RESTful Web Services using Java and Spring

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Spring is a modular application framework which was adopted by the Java community to replace the Java EE modules. It gained a lot of traction, since it has everything what a developer nowadays needs, like IoC, Transactional execution, MVC web framework, and a framework for Android mobile development. It also supports Aspect Oriented Programming (AOP) and convention is preferred over configuration. Along with the Spring Data module, it supports MongoDB out of the box.

For this article I used the Spring Data MongoDB module, as you will see this is very easy to use and you can become productive in no time.

Data Model

As with any RESTful Web service there has to be a data layer defined. I used the Contact Card database and I created the Contact class in the contact_cards.models Java package. The class has the @Document annotation -- this specifies which collection should be used from the database. The @Field annotations map the fields in the Mongo collection to the class attributes. 

package contact_cards.models;

import java.util.Date;

public class Contact {
	private String id;
	private String firstName;
	private String lastName;
	private String website;
	private String email;
	private String workPhone;
	private String homePhone;
	private String mobilePhone;
	private Date birthday;


From implementation point of view, the repository is the simplest. When running the application, many things happen in the background. I only defined the interface of the repository, which extends the MongoRepository<> interface from Spring Data MongoDB module. The actual implementation of the interface will be generated runtime by Spring, using the given type parameters.  The implementation for the public methods listed in the interface is generated by Spring (here comes into play the convention over configuration).

Spring does the following before code generation (high level):

  1. Splits the name of the method in 2-3 parts 
  2. The first part is findBy, based on this Spring knows it needs to generate search MongoOperations 
  3. The second part is considered as a member/property of the class which the MongoRepository was declared for (in this case Contact). The class member has to have getter and setter methods defined, if it does not have compile errors appear 
  4. Checks the third part; it has to be one of the keywords (basically comparison operators): Like, Between, GreatherThan, LessThan, LessThanOrEqualTo, NotIn, Null, NotNull and so on. If there is no third part, it applies the equality comparator.
package contact_cards.repositories;

import java.util.List;
import contact_cards.models.Contact;

public interface ContactRepository extends MongoRepository<Contact, String> {
	public List<Contact> findByFirstName(String firstName);
	public List<Contact> findByLastName(String lastName);
	public List<Contact> findByWebsite(String website);
	public List<Contact> findByEmail(String email);
	public List<Contact> findByMobilePhone(String mobilePhone);
	public List<Contact> findByMobilePhoneNull();


Implementing REST controllers in Spring is easy. The class has to have the @RestController annotation, webmethods need the @RequestMapping annotation, which helps the Spring routing engine to map request URLs to webmethods in the controller.  

The controller has an Autowired private member, an instance of the ContactRepository class. In the getAllContacts() method I used the findAll() method of the repository, although this was not defined in the interface. I could use it, because the MongoRepository interface extends the PagingAndSortingRepository (which extends CrudRepository) and this one has the findAll() method defined.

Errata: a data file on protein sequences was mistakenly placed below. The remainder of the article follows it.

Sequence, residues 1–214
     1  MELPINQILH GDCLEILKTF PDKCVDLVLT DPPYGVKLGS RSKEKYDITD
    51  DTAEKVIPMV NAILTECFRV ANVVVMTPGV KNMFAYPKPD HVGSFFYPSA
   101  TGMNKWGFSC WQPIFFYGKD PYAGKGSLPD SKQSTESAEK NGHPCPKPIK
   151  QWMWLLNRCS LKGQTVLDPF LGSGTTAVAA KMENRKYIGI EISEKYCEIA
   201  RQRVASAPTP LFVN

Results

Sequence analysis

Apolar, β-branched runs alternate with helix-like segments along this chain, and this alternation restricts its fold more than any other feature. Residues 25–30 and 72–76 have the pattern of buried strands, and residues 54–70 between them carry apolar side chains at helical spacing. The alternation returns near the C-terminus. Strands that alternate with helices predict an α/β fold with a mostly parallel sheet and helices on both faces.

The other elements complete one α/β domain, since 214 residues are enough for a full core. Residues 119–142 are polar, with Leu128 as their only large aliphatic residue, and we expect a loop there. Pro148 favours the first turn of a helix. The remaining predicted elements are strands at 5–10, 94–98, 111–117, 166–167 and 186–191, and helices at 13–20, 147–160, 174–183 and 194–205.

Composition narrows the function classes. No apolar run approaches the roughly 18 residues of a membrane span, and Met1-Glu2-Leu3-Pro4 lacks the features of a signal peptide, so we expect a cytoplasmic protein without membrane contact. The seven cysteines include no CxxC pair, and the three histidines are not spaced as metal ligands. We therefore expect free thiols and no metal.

//Import statements removed
public class ContactController {

	private ContactRepository repository;

	public List<Contact> getAllContacts() {
		List<Contact> result = new LinkedList<Contact>();
		result = repository.findAll();
		return result;

        // Code removed

	public List<Contact> getContactsByMobilePhone(
		@RequestParam(value="value", required=false) String mobilePhone) {
		List<Contact> result = new LinkedList<Contact>();

		if (!StringUtils.isEmpty(mobilePhone)) {
			result = repository.findByMobilePhone(mobilePhone);
		else {
			result = repository.findByMobilePhoneNull();
		return result;

In the getContactsByMobilePhone() method, depending on the @RequestParam I use the findByMobilePhone() or findByMobilePhoneNull() method for looking up the contacts in the database.

Java has always been the WORA (write once, run anywhere) programming language. Even today, if people want software running on any platform (Mac, Windows and Linux) they will stick with Java (especially in the Enterprise sector).

Comparing the implementation of RESTful services between ASP.NET Web API and Spring MVC is interesting, because creating the implementation of the RESTful service is more or less the same effort, but in this case Spring has much better support for MongoDB as .NET hast, so if I’d need to implement a RESTful service API using MongoDB as a data store, I’d use Java and Spring. In case the data store is MSSQL server then Entity Framework and ASP.NET Web API would be the way to go. 

The project is on GitHub, you can use Eclipse or STS (Spring Tool Suite) to import and try it out. For additional settings check the file.

Dipaparkan 29 Januari, 2015

Greg Bogdan

Software Engineer, Blogger, Tech Enthusiast

I am a Software Engineer with over 7 years of experience in different domains(ERP, Financial Products and Alerting Systems). My main expertise is .NET, Java, Python and JavaScript. I like technical writing and have good experience in creating tutorials and how to technical articles. I am passionate about technology and I love what I do and I always intend to 100% fulfill the project which I am ...

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